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Archive for the ‘Art’ Category

Il Etait une Fois Walt Disney exhibition in Paris

Les aventures d'Alice au Pays des Merveilles, Paris, Hachette page 164, 1908

Il Etait une Fois Walt Disney: I meant to write about this earlier, but I got so excited that I’d actually be seeing it next month that I almost completely forgot! Le Grand Palais in Paris is running an fantastic exhibition of classic Disney artwork alongside the works that inspired them. It runs until January 15th 2007, so there’s still time to catch it before the exhibition moves to the Montreal Museum of Fine Arts from March 8 to June 24th 2007.

There’s a superb slideshow of artwork at l’Express and Cartoon Brew (where I originally found out about the exhibition) has a few more details as well.

Update: I’ve been! Read my report here.

Seven things you should know about Tim Biskup

Tim Biskup is one of my favourite modern-day artists, and there’s a new article on him over at Helio: 7 things you should know about Tim Biskup. (via Drawn!)

John Kricfalusi on Composition in Cartoons

Following his lessons on cartoon colour theory John has started a series on composition. I’ll readily admit that I don’t always agree with every word the guy says on his blog but, once again, these lessons are a treat. Again, many of these lessons can easily be applied to other mediums, such as film, television and illustration.

  1. Composition for layout and background artists
  2. Intersection
  3. Clear staging
  4. Staging groups of characters
  5. Negative vs positive space
  6. Avoid The Middle, Asymmetry is more natural and interesting
  7. Compose your poses together
  8. For Layout and BG artists – Form over detail, lettering, study other artists

Steve Worth is also adding some more valuable stuff on compostion at the Hollywood Animation Archive blog; including the 1960′s Famous Artists lesson: 3. Composition – How to make pictures.

They also have a couple of other Famous Artists lessons on their site, including: 24. Television Art and 16. Animals


John Kricfalusi’s Colour Theories


John K, of Ren and Stimpy and Spumco fame, is currently doing a very interesting series on his colours theories on his blog. Although he’s talking about colour in cartoons, the information could easily be applied to most artistic mediums.

UPDATE: He’s also now posting some great stuff from early Hanna Barbera colour stylist and background painter, Art Lozzi.

Colour Theories for Cartoons

  1. Garish versus Warm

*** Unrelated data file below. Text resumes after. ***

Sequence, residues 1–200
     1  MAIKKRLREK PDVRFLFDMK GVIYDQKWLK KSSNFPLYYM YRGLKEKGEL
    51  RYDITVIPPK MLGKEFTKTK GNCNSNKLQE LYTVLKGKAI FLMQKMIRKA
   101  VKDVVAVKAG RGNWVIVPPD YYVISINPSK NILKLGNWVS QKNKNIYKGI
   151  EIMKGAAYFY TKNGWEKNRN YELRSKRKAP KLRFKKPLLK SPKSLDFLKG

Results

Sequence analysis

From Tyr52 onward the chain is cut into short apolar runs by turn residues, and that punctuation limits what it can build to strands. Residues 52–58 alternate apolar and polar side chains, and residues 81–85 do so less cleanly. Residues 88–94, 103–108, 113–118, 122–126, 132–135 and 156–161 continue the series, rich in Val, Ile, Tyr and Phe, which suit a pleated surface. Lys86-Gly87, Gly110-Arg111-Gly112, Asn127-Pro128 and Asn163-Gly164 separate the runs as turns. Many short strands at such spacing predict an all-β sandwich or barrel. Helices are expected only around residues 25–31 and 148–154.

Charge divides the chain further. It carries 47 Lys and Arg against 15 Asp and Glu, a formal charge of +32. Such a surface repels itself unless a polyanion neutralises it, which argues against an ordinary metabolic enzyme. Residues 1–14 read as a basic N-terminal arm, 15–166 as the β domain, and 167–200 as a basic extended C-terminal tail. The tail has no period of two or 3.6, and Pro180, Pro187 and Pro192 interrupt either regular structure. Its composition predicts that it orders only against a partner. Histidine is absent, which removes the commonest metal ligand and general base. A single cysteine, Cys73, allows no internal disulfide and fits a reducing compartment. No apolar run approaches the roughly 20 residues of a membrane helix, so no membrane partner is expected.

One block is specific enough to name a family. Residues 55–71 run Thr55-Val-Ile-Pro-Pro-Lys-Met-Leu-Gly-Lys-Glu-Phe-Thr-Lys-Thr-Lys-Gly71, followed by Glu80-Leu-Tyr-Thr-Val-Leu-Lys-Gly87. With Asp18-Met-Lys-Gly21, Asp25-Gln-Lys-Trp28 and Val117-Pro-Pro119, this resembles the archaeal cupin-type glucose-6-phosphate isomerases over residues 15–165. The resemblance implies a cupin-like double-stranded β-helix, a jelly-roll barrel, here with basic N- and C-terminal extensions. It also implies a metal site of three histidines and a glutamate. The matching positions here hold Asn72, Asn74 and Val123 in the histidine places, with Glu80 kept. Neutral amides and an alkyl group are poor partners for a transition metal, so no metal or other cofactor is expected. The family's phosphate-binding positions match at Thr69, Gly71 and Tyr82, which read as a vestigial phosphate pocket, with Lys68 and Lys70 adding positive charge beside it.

2. Pee and Poo colors versus Colorful Greys
  3. Look at the sky before you paint a sunset
  4. What’s wrong with these pictures?
  5. Good color without a lot of money – Art Lozzi at Hanna Barbera
  6. Does cost equal quality?
  7. Will It Ever End?
  8. Eye relief
  9. Steal from anime if you can’t think of anything yourself
  10. Neutral or natural colours
  11. Art Lozzi: Early days at Hanna Barbera
  12. Colour and Background painting reference: Old Golden Books
  13. Art Lozzi: Bob Gentle and Skeeter Trouble
  14. Art Lozzi: Scooter Looter, Paint Technique, BG Painting
  15. Art Lozzi explains some technique
  16. Color isolated from detailed technique: Yogi Bear ‘High Fly Guy’
  17. Art Lozzi: Hanna Barbera starts to standardise

The Compton Skyline Project

Compton Skyline Project

The street in Brighton that I moved out of just 6 months ago plays host to a week-long rooftop art show!

“It will take the form of still and moving images projected onto large rooftop screens after dusk. They will be visible from a substantial part of the city. The installation will last for one week from 16th till 23rd September 2006 beginning with a street party for residents.”

If you want to see it for yourself the installation will last for one week with 6 showings a night from 7:30pm until 11pm on the rooftops of Compton Road, Brighton from the 16th until 23rd September 2006 and will be visible from the valley area around Preston Park and Fiveways. Visit the Compton Skyline website for more information.

Sadly, I’m out of town for much of the duration but hope to catch the final show before it’s taken down on the 23rd.

The Big Round Cubatron

Big Round Cubatron

The Big Round Cubatron: “is the world’s largest 3-dimensional full color dynamic light sculpture. It is an array of lights 40 feet in diameter and 10 feet high. It consists of 28 spokes, each of which is 24 lights wide by 9 lights high. Each light is independently controllable to display any color and brightness level and the entire display can be updated 50 times per second. There are 6048 total lights (28 * 24 * 9) made of 18,144 LEDs.”

If you didn’t make it to Burning Man in person, you can see it in action here and make it youself (if you’re rich).